We really need to move the argument on government expenditure forward. Take education - specifically secondary education.
Using Dept for Children Schools and Families own statistics, £21,441m was spent on secondary education in 2007/8. This represents total expenditure of around £5360 per pupil. What we need to be asking is how much per pupil is actually spent in schools - at the sharp end of the business – on the resources that really matt
er: teacher salaries, books, stationary, computers, projectors, smartboards etc. This is the expenditure that really delivers education to the pupil. This is the important stuff. The expenditure we need to be protecting and ring-fencing, with an ambition to increase in real terms such expenditure over time.
I don’t know what exactly this figure comes to. If anyone knows where this kind of information can be seen, I would love to know. But I have a big hunch that the figure will come out at around £3500 per pupil – more than a third lower than the educational spending that is raised through taxation and allocated to secondary education. And it is the difference between these figures representing organisational running costs, publicity, centrally controlled initiatives and top down bureaucracy - whatever you want to call it - that needs to be examined in the cost cutting agenda.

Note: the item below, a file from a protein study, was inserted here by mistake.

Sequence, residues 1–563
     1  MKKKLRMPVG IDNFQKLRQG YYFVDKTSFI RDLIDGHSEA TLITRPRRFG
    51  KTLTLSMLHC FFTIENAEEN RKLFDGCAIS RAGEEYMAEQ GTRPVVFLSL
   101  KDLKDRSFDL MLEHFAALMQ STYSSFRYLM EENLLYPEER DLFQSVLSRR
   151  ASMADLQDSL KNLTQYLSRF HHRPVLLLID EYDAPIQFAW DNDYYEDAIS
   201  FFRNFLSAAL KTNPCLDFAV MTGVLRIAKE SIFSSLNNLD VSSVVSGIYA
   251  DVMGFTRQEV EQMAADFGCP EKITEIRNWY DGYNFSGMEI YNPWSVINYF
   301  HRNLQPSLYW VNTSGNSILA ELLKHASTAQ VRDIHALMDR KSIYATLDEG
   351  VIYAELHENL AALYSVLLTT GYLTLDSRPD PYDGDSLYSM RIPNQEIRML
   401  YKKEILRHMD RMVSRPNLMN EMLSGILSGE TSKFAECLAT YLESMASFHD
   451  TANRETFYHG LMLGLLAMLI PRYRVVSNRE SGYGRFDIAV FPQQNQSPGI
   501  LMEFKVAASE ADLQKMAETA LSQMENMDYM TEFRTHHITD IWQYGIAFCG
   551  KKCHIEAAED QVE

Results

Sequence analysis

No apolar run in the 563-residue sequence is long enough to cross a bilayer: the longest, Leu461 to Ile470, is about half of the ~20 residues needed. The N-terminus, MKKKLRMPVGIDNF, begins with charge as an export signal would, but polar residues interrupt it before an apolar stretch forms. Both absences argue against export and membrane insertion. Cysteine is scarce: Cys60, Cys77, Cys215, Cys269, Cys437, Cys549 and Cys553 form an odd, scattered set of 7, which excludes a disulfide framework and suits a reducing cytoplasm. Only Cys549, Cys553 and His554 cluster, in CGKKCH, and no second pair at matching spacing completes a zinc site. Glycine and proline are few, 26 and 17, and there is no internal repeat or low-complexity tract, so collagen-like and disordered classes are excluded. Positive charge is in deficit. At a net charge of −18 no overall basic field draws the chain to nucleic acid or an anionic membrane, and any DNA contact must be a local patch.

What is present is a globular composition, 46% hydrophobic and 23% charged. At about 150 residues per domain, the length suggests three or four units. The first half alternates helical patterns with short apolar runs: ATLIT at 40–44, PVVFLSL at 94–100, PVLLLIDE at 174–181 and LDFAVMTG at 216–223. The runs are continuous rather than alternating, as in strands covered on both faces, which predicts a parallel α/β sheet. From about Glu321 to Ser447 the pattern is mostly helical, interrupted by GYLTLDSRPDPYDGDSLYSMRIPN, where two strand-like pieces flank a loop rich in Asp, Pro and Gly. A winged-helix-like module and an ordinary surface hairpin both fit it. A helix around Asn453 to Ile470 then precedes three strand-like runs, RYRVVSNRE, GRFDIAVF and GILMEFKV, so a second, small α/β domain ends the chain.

If you want the electorate’s support, by all means guarantee this lower figure being spent on actually educating their children in schools. Pay such money in three tranches – at the beginning of each term – directly to the school. Make head teachers responsible for spending this money in running their schools efficiently and effectively. Judge them on outcomes and results. Not targets and processes.